No, I don’t mean stop breathing. I mean stop being a producer of CO2. This post isn’t about how, though; it’s about why.
I had the idea a while ago to do a carbon footprint blog post to illustrate what we must do to protect ourselves, and ward off, if only in very small ways, the local effects of dangerous climate change. So this blog post is just bit about what that is, the crazy complex issues that surround it, and what is in store if we just stick our heads in the sand. And I am writing this blog post off the cuff, giving a lot of information that might better prepare you to take it in when I come back to me-and-my-house, and my biz, and why taking green action is not only awesome, it’s doable. Get ready to activate several browser windows, save some files, and maybe 45 minutes of your time. Sorry I can’t spoon feed this, but learning is good for you and confusion makes you ask questions, right?
In 2010, I gave this presentation to a management class at McGill. It will be helpful to read as part of this blog post. It is a terse, 33 slide powerpoint that also went into transparency land, where I explained basic molecular chemistry of atmospheric gases (N2, NOx, CO, CO2, O2, O3, CH4, and then a few more complicated ones), and drew the carbon cycle straight out of a text book from 1992, the year of Rio and the Kyoto Protocol, the year where our carbon dioxide output into the atmosphere was at its last point of being able to be equally taken up again by our oceans and forests. That was at 350 parts per million – 350 molecules of CO2 per million molecules of atmospheric gasses.
Segue: There is a grassroots activist/advocacy group called 350.org doing some of the important work that needs to be done to protect this beautiful blue and green planet of ours, and the atmosphere it breathes. The Climate Reality Project and the Rocky Mountain Institute are two other strong workers on this issue; the Climate Reality Project is focusing on getting carbon pollution reduced and eliminated in various ways, including the no-brainer market mechanism of putting a price on it (I particularly like that they want to protect snow, one of my favourite things, and that they shame climate deniers). RMI focuses its efforts on new energy and energy efficiency. Two of RMI’s founders, Amory and Hunter Lovins, contributed (I believe, perhaps they were just cited many times in the lengthy bibliography) to Lester Brown’s book Plan B 3.0, and presumably its predecessor, Plan B 2.0. If you want to read this book, I will gladly e-mail you a pdf for your tablet or computer; it has a license to distribute freely.
Back to ppm: The conservative (meaning we can be Pollyannas until we get there) estimate of dangerous CO2 in the atmosphere is 450 ppm, but we are not there yet and we already see the effects that have been predicted. Moreover, CH4, NOx, and some other gases released as pollution and thawing permafrost act stronger than CO2 as greenhouse gasses. It is up to the IPCC to conclusively say, but I have read enough news that it seems plain to everyone that we have triggered the feedbacks. We don’t know how far the feedbacks will go, and they can become very, very severe. If you want to know how severe they could go, I do mention the worst-case in presentation linked above. You can also read Climate Wars by Gwynne Dyer, a writer who specializes in military and international affairs. It’s the military’s job to know all about the insecurity scenarios of the world, and while the scientists of the world have been quietly freaking out for a couple of decades now, the army has been, too.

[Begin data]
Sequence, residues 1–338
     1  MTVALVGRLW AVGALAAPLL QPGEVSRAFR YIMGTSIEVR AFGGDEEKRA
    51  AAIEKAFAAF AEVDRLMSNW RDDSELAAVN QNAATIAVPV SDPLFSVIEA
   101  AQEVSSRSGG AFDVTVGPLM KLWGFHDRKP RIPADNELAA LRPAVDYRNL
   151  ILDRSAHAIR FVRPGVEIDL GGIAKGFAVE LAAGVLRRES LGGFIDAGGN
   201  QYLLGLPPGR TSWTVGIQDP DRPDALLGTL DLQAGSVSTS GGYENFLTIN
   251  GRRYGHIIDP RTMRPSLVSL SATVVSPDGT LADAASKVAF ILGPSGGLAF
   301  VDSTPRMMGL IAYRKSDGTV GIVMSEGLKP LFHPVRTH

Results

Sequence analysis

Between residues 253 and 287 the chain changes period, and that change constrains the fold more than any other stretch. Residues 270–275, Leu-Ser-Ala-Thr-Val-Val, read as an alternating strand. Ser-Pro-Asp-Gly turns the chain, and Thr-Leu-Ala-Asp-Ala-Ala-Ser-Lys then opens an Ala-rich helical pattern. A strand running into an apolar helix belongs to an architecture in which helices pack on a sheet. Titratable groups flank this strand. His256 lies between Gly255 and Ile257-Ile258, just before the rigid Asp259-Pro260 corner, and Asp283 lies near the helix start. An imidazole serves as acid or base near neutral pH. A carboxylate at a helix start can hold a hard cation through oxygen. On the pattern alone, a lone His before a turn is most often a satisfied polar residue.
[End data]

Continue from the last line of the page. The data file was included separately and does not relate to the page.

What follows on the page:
Only the billionaires rejoice, because destruction pays, and who pays better than a demoralized, angry public? Frankly, these billionaires should be liquidating their bank accounts to solve this problem. Those that don’t, deserve no mercy when disaster and the insurgency comes. Yes, I said it. That’s why they’ve already set their security up. They wouldn’t need to, if they did the right thing and fixed what they broke.
So just as one student asked when I was done giving that presentation, what is it that I, just one person can do, to help with such a monumental task?
I have two things: 1) Measure your carbon footprint and take steps to reduce it (link is to an excellent recent article on GreenBiz.com). I will discuss this further with my next blog post. And 2) read my follow up presentation on 10 Things You Can Do, and take any or all of its recommendations to heart.
I’m sorry if your head hurts now, after that powerpoint presentation and visiting the worthy websites linked here. Mine does too, a bit.